>The last few days, it’s like I’ve been breathing in clouds of smoke and now in being provided with real oxygen, can actually breathe easy again. I need to find ways to get myself some more oxygen.

Looking forward to an honest to goodness holiday which begins in a few days. Really hoping to do quite a lot of eating, sleeping, visiting, exploring and enjoying of everything. Mom and I are off to Japan! Eeek!!

That’s the latest and greatest,

Hugs.

–Sam

 

tag.

The disruptive person exited, and I did not.

Heading home soon. Had fun playing with words and themes here.

Nice to know my brain can make some sense — follow the tags and see what you find (I just did and was pleasantly surprised to revisit some of my old work and find it relevant and entertaining still #wordplay).

Faith in humanity and my own self has been restored for the moment. Today’s teamwork and chocolate babka didn’t hurt either!

–Sam

more miles to the road (7)

Humanity is the spice of life! But honestly, guys! Where did all the genuine human beans get to? I’d like to meet a few, carry on a real conversation, have some fun, be in the same room, for more than 20 minutes every few months.

~

I mean, all of this wonderful, terrible and everything-inbetween stuff happens all the time, and I have almost nobody to share it with. Everyone seems too busy, or too tired, or just not interested in stuff I find captivating: dogs, books, food, people watching, movies/music, housing, voting, common sense/life-skills, exploration/adventure, mindfulness, mental health, science/climate change, current events, community & friendship.

>Had a great conversation with a friend about life in general, books, movies and food last week. (And also a movie and sushi with Forrest and Rube 🙂 ❤ )

>I went to the Passport Office recently and was anxious enough that I got nauseaous and gave myself a real, live, headache. I wanted to cry and disappear, but instead I problem-solved, tried my hardest to be grown up and sensible and spent a good 3 hours recharging at the library. (Fill out the application, drop it off, it’s that simple; well, it is and it isn’t! I did it, but it wasn’t all rainbows and unicorns).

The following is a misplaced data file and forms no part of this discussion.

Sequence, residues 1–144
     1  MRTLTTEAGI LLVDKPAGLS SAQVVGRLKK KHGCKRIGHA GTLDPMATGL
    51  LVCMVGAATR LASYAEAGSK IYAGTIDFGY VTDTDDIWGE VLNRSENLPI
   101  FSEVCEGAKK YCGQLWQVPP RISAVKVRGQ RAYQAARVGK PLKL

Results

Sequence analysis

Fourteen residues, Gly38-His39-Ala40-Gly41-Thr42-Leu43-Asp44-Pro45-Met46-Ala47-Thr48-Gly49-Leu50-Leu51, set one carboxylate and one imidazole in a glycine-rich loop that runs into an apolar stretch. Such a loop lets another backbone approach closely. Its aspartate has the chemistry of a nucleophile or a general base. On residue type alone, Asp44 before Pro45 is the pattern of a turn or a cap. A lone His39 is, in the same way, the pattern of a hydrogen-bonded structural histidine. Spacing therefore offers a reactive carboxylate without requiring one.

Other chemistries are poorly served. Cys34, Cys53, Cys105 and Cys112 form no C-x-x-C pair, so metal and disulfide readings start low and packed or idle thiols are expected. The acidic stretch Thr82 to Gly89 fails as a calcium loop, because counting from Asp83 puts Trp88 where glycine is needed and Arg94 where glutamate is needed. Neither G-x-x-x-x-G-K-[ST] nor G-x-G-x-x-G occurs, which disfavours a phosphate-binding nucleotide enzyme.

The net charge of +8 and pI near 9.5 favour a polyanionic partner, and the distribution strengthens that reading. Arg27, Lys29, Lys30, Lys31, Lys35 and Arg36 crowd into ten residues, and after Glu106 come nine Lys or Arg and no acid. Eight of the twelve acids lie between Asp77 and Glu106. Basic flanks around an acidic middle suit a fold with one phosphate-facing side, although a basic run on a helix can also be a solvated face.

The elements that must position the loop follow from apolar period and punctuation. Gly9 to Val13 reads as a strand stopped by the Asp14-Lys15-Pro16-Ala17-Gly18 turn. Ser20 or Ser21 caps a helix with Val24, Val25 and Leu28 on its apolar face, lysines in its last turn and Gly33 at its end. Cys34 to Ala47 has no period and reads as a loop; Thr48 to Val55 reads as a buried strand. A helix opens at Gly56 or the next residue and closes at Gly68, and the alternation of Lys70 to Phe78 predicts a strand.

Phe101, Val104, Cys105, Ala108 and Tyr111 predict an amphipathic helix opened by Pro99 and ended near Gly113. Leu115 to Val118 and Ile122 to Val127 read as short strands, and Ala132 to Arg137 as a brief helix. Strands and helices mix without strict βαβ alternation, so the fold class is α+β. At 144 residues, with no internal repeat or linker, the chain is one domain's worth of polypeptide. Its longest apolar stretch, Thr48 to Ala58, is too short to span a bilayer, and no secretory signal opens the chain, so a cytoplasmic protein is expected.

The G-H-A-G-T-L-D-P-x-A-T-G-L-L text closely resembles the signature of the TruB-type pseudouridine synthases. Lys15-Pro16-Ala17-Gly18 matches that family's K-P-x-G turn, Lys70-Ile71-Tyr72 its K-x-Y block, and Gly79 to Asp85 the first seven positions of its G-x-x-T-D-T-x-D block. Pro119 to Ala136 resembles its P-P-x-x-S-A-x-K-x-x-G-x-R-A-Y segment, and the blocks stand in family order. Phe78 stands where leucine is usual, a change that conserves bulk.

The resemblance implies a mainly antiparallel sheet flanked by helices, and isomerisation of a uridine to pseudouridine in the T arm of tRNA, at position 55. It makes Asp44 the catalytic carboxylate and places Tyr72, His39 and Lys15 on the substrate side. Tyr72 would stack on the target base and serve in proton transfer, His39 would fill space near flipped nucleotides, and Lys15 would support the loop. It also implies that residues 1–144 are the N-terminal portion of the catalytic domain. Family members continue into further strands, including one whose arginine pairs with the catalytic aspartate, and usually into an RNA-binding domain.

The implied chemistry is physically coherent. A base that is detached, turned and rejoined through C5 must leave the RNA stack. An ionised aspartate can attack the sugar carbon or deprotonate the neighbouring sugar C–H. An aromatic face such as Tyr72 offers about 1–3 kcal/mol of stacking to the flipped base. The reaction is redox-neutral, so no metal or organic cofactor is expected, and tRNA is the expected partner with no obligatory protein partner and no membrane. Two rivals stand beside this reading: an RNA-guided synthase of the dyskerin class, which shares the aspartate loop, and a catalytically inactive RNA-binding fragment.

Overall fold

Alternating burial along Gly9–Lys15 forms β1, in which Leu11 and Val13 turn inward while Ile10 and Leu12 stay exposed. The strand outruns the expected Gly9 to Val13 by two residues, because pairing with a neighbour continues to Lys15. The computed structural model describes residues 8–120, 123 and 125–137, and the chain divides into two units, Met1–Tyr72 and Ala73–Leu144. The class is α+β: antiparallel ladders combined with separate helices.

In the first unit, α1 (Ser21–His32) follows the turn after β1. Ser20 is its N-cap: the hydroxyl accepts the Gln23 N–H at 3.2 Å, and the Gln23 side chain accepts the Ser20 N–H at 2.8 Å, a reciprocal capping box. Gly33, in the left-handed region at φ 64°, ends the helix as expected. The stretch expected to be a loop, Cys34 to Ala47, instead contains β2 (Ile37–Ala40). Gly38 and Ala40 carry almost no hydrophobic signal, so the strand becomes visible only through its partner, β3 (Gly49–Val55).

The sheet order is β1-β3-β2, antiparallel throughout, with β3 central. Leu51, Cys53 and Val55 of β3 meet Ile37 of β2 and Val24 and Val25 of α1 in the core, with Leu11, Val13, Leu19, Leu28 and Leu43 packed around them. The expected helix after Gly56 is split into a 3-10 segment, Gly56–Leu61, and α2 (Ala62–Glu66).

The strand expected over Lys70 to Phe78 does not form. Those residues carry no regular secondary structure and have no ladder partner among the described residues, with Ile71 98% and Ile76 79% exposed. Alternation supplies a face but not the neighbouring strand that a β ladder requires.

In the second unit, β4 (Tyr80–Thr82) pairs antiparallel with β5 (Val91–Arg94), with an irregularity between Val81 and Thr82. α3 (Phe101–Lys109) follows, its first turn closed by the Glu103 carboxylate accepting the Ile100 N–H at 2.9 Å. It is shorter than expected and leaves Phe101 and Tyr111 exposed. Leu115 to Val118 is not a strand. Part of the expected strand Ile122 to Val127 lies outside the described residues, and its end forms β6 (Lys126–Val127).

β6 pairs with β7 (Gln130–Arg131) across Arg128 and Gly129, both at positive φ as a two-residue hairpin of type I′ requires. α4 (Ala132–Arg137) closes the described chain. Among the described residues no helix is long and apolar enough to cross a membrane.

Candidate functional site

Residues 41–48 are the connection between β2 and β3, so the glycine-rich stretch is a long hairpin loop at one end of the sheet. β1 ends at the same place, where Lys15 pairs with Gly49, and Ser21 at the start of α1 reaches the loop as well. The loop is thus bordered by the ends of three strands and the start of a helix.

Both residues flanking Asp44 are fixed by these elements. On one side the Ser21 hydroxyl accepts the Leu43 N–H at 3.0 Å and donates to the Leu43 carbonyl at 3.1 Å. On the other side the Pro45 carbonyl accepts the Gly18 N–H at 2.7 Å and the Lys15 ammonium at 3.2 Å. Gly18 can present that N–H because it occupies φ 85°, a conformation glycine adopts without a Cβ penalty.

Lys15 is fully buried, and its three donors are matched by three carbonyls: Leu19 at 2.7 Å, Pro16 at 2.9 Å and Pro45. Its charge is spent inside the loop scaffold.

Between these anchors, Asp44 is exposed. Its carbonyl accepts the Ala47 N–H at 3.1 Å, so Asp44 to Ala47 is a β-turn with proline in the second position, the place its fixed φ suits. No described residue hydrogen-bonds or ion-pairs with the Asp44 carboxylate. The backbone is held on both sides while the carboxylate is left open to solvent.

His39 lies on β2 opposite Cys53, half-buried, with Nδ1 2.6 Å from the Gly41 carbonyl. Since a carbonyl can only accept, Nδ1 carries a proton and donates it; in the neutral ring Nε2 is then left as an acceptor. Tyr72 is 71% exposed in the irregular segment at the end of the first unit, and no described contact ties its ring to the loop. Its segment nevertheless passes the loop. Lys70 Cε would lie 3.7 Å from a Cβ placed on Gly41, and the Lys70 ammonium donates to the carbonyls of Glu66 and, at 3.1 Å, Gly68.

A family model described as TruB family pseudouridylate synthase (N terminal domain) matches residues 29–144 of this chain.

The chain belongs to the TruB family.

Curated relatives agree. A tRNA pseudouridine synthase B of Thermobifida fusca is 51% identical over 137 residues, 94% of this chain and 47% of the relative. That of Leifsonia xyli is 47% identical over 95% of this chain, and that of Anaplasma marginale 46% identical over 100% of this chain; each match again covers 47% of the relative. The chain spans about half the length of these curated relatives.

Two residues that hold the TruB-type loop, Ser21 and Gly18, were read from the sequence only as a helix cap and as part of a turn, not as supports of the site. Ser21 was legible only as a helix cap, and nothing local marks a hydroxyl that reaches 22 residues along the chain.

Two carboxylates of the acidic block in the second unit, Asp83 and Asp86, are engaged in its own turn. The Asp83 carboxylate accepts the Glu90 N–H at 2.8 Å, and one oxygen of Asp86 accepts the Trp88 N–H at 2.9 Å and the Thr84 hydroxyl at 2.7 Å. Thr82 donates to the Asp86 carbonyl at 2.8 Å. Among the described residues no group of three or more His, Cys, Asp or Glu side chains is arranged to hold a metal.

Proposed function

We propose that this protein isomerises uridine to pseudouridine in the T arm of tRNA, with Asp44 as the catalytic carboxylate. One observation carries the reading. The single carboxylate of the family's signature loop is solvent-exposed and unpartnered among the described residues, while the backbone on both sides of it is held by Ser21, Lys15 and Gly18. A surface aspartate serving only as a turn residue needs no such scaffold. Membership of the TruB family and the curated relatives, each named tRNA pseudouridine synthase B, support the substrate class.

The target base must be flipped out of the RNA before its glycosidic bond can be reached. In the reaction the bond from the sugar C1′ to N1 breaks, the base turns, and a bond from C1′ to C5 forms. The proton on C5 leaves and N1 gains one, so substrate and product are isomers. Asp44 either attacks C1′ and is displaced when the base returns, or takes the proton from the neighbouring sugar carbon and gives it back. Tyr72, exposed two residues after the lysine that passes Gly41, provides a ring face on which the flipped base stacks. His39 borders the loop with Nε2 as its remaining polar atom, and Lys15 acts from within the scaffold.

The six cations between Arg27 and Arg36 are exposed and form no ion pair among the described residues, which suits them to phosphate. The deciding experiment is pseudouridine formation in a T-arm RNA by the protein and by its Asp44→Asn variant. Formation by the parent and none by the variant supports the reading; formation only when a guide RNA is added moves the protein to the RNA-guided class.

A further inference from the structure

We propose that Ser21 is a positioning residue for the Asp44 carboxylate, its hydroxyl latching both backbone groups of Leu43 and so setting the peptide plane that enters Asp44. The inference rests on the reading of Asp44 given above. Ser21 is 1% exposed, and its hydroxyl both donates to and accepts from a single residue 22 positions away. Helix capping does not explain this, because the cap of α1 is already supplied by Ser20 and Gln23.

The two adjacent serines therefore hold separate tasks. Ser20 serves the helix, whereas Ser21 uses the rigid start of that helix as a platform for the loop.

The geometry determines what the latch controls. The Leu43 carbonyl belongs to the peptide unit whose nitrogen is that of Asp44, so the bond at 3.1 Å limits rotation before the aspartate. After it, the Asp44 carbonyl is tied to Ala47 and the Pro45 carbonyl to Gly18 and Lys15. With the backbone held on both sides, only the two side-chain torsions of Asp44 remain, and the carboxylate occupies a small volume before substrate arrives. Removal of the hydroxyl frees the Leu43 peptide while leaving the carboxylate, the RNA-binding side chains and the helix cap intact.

>The fire alarm went off at 4am on Monday, and boy was that an adrenaline rush! Was not impressed with the collective response, though I thought I was decently prepared myself: dressed at least, all the essentials, timely evacuation and communication with others. Recharged by star-gazing and eating peanut butter toast, watching Beasts of the Southern Wild, followed by a very early breakfast at the Waffle House and off to work by 9am.

>Listening to an elderly couple ordering breakfast was hilarious:

wife: “I’ll have the Special, and he will have the same thing but without the bacon. No bacon.”
husband: “I’ll have the one with the bacon.”
wife: (muttering)
husband: (adjusts hearing aid) “What?! No bacon? I want the one with the bacon!”

>Ironically, that evening, I conversed with a fellow transit traveler for a good 30 minutes about the neighbourhood and conversations with strangers, emergency response observations and shared experiences around vanishing shared spaces and meaningful connections. It was wonderful! 🙂

>Usually, it turns out that people I meet out in the world turn a blind eye, or are really excellent at making me really uncomfortable so that I end things and go home. Right now, there’s a highly intoxicated, talkative, possibly homeless, mentally ill person muttering and wandering the library, who everyone including me is pretending is invisible. They aren’t hurting anyone, but they are disruptive and nobody has any good ideas. This library has a security person, and he did just now engage with the individual appropriately and ask them to lower their voice, which is better than nothing. But what other options are there? People are people, not hot potatoes to be passed from place to place and resource to resource without ever finding the right supports.

So often I want very much to trade stories of the day with friends/family, get so that each of us feels connected and supported. But so often I feel so far removed. Sometimes I write it down instead (today) and sometimes I engage and use the space and speak with people in person or via phone. However, the library vibe is no longer conducive to writing at the present moment and I’ve come to the end of my retelling, so I am packing it in.

Looking back, it’s been a bumpy week, but overall a good one — though it is only Tuesday!

Make time for the people you love. Take care of yourself. Be well. 🙂

Thanks for reading.

–Sam